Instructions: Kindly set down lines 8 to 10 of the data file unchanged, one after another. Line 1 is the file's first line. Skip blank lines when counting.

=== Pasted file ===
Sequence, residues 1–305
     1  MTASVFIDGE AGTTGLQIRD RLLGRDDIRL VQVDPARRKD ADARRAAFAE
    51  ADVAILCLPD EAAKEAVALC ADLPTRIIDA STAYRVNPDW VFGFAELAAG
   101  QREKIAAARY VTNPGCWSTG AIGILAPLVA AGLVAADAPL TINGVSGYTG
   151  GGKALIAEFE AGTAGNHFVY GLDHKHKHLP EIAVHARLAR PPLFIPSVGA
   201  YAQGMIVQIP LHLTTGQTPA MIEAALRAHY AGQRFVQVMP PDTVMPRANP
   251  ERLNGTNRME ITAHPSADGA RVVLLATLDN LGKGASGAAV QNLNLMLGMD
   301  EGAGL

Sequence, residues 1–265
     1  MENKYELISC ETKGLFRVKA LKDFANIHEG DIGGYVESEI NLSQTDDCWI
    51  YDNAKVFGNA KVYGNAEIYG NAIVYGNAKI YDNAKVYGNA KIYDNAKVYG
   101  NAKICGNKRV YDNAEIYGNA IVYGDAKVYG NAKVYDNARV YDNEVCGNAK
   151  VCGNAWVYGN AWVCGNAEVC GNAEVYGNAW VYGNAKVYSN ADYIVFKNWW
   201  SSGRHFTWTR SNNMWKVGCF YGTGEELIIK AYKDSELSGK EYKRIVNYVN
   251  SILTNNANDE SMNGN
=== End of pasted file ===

   301  EGAGL

Sequence, residues 1–265
     1  MENKYELISC ETKGLFRVKA LKDFANIHEG DIGGYVESEI NLSQTDDCWI